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Produce More Nutritious Than Chemically-Farmed Produce
A study of the mineral content of fruits and vegetables grown in Britain between 1930 and 1980 shows similar decreases in nutrient density. The British study found significantly lower levels of calcium, magnesium, copper and sodium in vegetables, and of magnesium, iron, copper and potassium in fruit. The report concludes that the declines indicate "that a nutritional problem associated with the quality of food has developed over those 50 years."
The decline in our produce's nutritional value corresponds to the period of increasing industrialization of our farming systems. As we have substituted chemical fertilizers, pesticides and monoculture farming for the natural cycling of nutrients and on-farm biodiversity, we have lessened the nutritional value of our produce. Integrated well-established organic farming systems can counter the decline.
Research comparing the nutritional value of organic and conventional foods is accumulating rapidly. "What all our data shows," says Charles Benbrook, PhD, chief scientist at the Organic Center and a former executive director of the Board on Agriculture of the National Academy of Sciences, "is that whenever there's been a valid comparison between conventional and organic, organic is virtually never lower than conventional and, in a significant number of cases, it's higher. Sometimes it's significantly higher in several important nutrients."
For example, Virginia Worthington, PhD, a clinical nutritionist who earned her doctorate in nutrition at Johns Hopkins, published a review in 2001 of 41 studies comparing the nutritional value of organic and conventional produce. After tallying the data across all the studies, Worthington concluded that organic produce had on average 27 percent more vitamin C, 21.1 percent more iron, 29.3 percent more magnesium and 13.6 percent more phosphorous than conventional produce.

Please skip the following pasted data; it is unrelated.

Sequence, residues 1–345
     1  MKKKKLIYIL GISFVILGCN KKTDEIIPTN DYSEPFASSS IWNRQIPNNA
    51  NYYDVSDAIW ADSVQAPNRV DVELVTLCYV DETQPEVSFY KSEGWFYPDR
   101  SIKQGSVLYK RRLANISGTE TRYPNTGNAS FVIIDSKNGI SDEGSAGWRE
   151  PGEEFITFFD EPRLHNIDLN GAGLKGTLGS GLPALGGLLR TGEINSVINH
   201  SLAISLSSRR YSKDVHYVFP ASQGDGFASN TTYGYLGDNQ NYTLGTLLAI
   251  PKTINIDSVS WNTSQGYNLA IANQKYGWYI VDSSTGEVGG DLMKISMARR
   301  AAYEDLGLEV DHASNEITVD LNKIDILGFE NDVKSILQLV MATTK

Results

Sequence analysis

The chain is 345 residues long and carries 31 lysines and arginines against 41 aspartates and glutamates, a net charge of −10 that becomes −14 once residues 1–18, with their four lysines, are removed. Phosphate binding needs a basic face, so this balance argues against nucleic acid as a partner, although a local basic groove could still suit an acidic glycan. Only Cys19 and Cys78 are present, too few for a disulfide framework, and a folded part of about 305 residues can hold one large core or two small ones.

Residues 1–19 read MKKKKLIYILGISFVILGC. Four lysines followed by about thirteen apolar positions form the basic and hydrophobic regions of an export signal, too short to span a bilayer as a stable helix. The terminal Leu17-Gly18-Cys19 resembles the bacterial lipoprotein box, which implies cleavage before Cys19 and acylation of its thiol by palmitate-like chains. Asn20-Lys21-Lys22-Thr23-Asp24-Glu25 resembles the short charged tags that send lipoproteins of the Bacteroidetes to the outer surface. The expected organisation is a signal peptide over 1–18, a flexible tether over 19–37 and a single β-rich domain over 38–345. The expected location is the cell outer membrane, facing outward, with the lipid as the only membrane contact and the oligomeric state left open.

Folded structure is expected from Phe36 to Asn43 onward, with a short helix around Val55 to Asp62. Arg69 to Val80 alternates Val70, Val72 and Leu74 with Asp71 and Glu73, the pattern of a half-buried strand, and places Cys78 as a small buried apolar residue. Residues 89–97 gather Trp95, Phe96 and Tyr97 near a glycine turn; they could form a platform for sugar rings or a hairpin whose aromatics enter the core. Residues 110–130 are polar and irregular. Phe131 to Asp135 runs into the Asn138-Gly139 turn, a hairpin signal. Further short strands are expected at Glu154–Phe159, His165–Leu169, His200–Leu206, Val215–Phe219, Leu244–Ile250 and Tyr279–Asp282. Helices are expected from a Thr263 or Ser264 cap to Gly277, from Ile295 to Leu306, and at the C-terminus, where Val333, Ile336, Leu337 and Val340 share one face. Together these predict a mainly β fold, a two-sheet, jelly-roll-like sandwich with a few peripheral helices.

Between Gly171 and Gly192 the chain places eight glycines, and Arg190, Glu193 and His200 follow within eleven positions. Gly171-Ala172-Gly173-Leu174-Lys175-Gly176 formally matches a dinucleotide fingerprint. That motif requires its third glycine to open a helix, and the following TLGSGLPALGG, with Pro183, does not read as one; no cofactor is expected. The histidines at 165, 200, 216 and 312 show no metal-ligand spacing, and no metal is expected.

Dr. Benbrook released a review in 2005 of the research comparing antioxidant levels in conventional and organic foods. In humans, antioxidants reduce damage to cells and DNA from free radicals (molecules generated by metabolic processes within the body), and thereby promote cardiovascular health, inhibit the reproduction of cancerous cells, slow the aging process in the brain and nervous systems, and lessen the risk and/or severity of Alzheimer's, Parkinson's and Huntington's diseases. Benbrook found that in 85 percent of the comparable data points, produce from organic farms had higher levels of antioxidants than did produce from conventional farms. On average, antioxidant levels in organic produce were 30 percent higher.
Earlier this year, a Swedish team of scientists demonstrated that extracts from organically grown strawberries slowed the proliferation of colon and breast cancer cells to a significantly greater degree than extracts from conventional strawberries did. The levels of all the antioxidants analyzed by the team were higher in the organic strawberries than in the conventional.
"As someone that has been involved with science
and science policy for my whole life," says Dr. Benbrook, "I
think the scientific case has been made for organic produce. The case
has been made firmly enough so that it is appropriate and, indeed, irresponsible
at this point not to tell consumers straight up that choosing organic
fruits and vegetables probably delivers nutritional benefits because
of the higher levels of antioxidants and vitamins and minerals."
TAKE ACTION: Eat organic food whenever possible. Be sure Look for the USDA Certified Organic Label when buying food for your family.